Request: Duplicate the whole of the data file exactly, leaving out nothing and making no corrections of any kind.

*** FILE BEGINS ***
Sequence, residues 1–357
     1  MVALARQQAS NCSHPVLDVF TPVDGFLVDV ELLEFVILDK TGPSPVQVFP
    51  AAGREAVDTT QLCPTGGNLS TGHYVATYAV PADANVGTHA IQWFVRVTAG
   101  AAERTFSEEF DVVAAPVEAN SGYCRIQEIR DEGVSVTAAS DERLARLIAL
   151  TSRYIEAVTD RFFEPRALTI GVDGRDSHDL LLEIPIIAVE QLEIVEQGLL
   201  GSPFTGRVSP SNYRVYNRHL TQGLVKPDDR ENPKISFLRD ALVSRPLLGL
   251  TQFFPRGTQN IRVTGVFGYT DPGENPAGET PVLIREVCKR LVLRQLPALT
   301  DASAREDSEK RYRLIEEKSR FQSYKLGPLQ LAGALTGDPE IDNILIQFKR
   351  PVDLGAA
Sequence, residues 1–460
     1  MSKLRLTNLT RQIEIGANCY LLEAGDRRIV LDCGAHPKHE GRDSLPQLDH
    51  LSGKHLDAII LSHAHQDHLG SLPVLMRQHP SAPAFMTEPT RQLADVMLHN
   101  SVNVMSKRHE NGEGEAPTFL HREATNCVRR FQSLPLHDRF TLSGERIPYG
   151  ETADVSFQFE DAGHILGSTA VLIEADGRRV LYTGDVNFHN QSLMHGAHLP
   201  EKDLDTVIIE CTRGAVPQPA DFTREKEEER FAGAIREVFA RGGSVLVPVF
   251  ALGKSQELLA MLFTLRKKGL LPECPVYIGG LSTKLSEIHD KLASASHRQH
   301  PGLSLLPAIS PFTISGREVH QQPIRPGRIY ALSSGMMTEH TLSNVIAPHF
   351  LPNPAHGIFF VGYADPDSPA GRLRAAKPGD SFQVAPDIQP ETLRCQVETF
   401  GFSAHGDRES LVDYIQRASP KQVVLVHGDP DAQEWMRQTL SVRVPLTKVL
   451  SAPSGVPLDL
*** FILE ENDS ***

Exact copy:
Sequence, residues 1–357
     1  MVALARQQAS NCSHPVLDVF TPVDGFLVDV ELLEFVILDK TGPSPVQVFP
    51  AAGREAVDTT QLCPTGGNLS TGHYVATYAV PADANVGTHA IQWFVRVTAG
   101  AAERTFSEEF DVVAAPVEAN SGYCRIQEIR DEGVSVTAAS DERLARLIAL
   151  TSRYIEAVTD RFFEPRALTI GVDGRDSHDL LLEIPIIAVE QLEIVEQGLL
   201  GSPFTGRVSP SNYRVYNRHL TQGLVKPDDR ENPKISFLRD ALVSRPLLGL
   251  TQFFPRGTQN IRVTGVFGYT DPGENPAGET PVLIREVCKR LVLRQLPALT
   301  DASAREDSEK RYRLIEEKSR FQSYKLGPLQ LAGALTGDPE IDNILIQFKR
   351  PVDLGAA
Sequence, residues 1–460
     1  MSKLRLTNLT RQIEIGANCY LLEAGDRRIV LDCGAHPKHE GRDSLPQLDH
    51  LSGKHLDAII LSHAHQDHLG SLPVLMRQHP SAPAFMTEPT RQLADVMLHN
   101  SVNVMSKRHE NGEGEAPTFL HREATNCVRR FQSLPLHDRF TLSGERIPYG
   151  ETADVSFQFE DAGHILGSTA VLIEADGRRV LYTGDVNFHN QSLMHGAHLP
   201  EKDLDTVIIE CTRGAVPQPA DFTREKEEER FAGAIREVFA RGGSVLVPVF
   251  ALGKSQELLA MLFTLRKKGL LPECPVYIGG LSTKLSEIHD KLASASHRQH
   301  PGLSLLPAIS PFTISGREVH QQPIRPGRIY ALSSGMMTEH TLSNVIAPHF
   351  LPNPAHGIFF VGYADPDSPA GRLRAAKPGD SFQVAPDIQP ETLRCQVETF
   401  GFSAHGDRES LVDYIQRASP KQVVLVHGDP DAQEWMRQTL SVRVPLTKVL
   451  SAPSGVPLDL